Mother Care

Recent reports and reviews of maternity units and last night’s Panaroma programme have highlighted the failures of maternity units up and down the country.  With a baby boom of one child born every 40 seconds, patient to midwife ratio at 32 to 1, and complications and fatalities increasing, it is even more evident that good quality maternity care is vital and demanded.

This particular subject is very close to my heart as my own birth story nearly ended up as a tragedy totally due to an understaffed unit and appalling midwife care.

I was provided with an agency midwife when delivering my first child. This was a particular difficult pregnancy as I had suffered a condition called Symphysis Pubis Dysfunction (SPD) and later a liver function failure called cholestasis.  I had to be induced two weeks early as there was concern for the baby’s survival chances. I was introduced to the midwife who would be delivering my baby and so my hell began.

Without going into the entire emotional story, the short version of it was that I had a midwife who had worked back to back shifts so was tired. She was not familiar with any of the machinery in the room and could not work them. This meant that she was unable to competently monitor my condition and more vitally, the baby’s heart rate during labour. She tried to insert an intra-venous drip several times before calling a senior midwife to help. All of this without my husband being there.

When he arrived at the hospital, he quickly saw that things were not quite right and neither of us had confidence in her. He complained and requested another midwife. This was not taken seriously and we were told not to make things difficult. They were understaffed and could not provide another midwife. Our midwife became quite abusive and would repeatedly shout at me. She trebled the dose of syntocinon which made the labour abnormally painful and told me to just have an epidural, which was against my birth plan, if I couldn’t handle it.

The only time my labour progressed was when she went on her break and a replacement midwife came in. I recall at one point begging her to stay. But she could not. The original midwife came back. After 12 hours of labour, the baby had become extremely distressed and was losing oxygen. It was because of my husband’s fussing that a senior midwife looked in and checked the baby’s heart beat. We were rushed into theatre and our baby was born by caesarean section. Alive.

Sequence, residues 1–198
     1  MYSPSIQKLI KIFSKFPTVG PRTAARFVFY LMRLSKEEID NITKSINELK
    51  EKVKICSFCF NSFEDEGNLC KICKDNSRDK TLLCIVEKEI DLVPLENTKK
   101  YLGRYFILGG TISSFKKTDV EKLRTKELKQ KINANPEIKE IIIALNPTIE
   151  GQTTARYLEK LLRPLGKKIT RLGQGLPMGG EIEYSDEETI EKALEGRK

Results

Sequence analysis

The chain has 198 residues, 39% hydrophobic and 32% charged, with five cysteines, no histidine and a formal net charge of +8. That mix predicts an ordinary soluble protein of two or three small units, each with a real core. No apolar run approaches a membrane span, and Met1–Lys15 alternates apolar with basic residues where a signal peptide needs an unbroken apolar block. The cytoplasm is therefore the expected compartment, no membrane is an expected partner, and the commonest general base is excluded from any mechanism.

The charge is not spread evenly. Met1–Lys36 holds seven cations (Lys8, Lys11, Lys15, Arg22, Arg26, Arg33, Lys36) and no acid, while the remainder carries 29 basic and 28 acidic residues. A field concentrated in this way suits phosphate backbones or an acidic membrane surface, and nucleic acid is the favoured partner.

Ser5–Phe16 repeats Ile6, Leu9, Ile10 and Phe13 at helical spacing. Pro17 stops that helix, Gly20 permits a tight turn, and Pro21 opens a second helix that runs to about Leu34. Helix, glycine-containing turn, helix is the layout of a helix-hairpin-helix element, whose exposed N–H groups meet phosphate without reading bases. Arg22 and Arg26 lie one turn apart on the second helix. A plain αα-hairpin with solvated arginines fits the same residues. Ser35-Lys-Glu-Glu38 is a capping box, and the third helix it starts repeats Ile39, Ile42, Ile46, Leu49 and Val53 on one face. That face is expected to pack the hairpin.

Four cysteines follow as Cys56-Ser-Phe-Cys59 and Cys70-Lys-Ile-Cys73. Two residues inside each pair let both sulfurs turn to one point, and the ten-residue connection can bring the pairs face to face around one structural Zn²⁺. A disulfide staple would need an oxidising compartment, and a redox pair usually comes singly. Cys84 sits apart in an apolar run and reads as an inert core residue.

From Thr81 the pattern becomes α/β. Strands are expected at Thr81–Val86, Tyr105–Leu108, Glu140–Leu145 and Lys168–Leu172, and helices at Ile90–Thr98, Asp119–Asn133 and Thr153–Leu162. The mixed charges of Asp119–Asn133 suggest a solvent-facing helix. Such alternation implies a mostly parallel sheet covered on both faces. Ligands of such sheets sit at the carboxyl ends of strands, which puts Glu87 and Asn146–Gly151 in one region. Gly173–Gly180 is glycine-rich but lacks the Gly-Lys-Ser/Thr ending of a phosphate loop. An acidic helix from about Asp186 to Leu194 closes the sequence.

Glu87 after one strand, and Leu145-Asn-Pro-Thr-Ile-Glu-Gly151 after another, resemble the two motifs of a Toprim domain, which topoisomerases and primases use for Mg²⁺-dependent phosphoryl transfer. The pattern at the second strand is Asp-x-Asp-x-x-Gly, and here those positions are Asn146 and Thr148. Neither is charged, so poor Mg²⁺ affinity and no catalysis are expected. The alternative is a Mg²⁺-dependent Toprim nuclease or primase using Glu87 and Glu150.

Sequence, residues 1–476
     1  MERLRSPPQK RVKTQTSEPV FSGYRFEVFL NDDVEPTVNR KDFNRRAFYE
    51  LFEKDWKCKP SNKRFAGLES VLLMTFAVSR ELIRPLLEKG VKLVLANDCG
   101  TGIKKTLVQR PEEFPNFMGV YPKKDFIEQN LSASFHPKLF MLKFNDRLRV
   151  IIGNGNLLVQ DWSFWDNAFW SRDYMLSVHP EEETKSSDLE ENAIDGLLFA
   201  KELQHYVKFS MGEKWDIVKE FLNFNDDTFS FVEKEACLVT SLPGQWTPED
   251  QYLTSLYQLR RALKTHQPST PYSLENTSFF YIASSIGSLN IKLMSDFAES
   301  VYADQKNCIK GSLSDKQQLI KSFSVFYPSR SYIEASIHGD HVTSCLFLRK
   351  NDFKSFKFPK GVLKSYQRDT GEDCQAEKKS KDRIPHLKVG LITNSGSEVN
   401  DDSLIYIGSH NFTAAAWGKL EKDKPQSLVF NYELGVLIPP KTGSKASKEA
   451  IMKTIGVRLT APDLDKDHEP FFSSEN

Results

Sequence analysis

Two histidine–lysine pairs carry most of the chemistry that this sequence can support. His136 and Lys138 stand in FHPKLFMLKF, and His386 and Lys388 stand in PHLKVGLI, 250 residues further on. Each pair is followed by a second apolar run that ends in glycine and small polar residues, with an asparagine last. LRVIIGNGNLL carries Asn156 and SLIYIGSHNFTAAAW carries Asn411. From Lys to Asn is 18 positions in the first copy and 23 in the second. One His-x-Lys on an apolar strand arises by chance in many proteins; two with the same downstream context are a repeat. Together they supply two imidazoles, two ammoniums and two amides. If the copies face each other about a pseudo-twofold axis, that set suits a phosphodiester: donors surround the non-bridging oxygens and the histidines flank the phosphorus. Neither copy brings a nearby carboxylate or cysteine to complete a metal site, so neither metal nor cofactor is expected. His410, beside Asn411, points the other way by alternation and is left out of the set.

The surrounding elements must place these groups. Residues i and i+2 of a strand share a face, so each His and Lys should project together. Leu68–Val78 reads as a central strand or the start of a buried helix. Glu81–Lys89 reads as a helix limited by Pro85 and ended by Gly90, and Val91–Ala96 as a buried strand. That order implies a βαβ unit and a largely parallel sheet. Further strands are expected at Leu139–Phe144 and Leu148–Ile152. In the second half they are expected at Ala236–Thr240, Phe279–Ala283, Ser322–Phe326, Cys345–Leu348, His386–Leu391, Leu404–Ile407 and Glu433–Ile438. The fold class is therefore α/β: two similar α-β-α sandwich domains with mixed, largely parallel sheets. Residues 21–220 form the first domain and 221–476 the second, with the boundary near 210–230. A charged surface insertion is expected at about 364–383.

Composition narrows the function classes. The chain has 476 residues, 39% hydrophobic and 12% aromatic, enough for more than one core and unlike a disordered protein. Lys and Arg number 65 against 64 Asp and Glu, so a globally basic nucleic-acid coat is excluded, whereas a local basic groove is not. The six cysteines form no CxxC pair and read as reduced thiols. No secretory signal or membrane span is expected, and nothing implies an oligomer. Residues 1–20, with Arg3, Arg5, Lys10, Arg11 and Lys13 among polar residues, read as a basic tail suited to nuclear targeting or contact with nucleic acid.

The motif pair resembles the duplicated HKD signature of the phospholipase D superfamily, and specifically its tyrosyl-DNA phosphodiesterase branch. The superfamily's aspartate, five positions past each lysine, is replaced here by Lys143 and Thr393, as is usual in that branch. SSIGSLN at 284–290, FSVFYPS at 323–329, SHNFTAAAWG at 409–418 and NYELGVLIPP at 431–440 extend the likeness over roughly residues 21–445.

It was the worst and best day of our lives. We didn’t want anyone else to go through our experience and so made a formal complaint. It took a year to get an apology and for changes to be made into hiring agency midwives by the hospital.

I was extremely lucky to have the support of the head of midwifery at the hospital. She followed my complaint through and ensured that my second birth went smoothly.

My story has a happy ending. Many stories do not. I really do believe that the majority of midwives are great, however, just like with every other section of the care service, they are understaffed and overworked. Proper training and diligence is being disregarded. The health care trusts really need to address this before more and more maternity units get closed down.


3 Comments to “Mother Care”

  1. Goodness,Bunty I had no idea it could turn into such a nightmare. I have only been on the other side welcoming a new baby and mum with flowers not in the delivery room. I hardly ever use the NHS but I hope people who join midwifery do so because they care not just as another job. It should be against regulations for midwives to work double shifts it’s not like a normal job where you can fudge through.

  2. I totally agree with Bunty however its not the health trusts (both acute and PCTs) making the decisions. Unfortunately we have a health secretary who simply doesnt listen to the public or health care professional’s concerns. Raja Singh

  3. Bubbly, it doesn’t have to be as my second birth showed. We had an amazing midwife who made me laugh so much. My baby was born in two hours.
    Thanks Raja Singh for highlighting who makes the decisions.

Leave a Reply

Fill in your details below or click an icon to log in: Logo

You are commenting using your account. Log Out /  Change )

Twitter picture

You are commenting using your Twitter account. Log Out /  Change )

Facebook photo

You are commenting using your Facebook account. Log Out /  Change )

Connecting to %s

%d bloggers like this: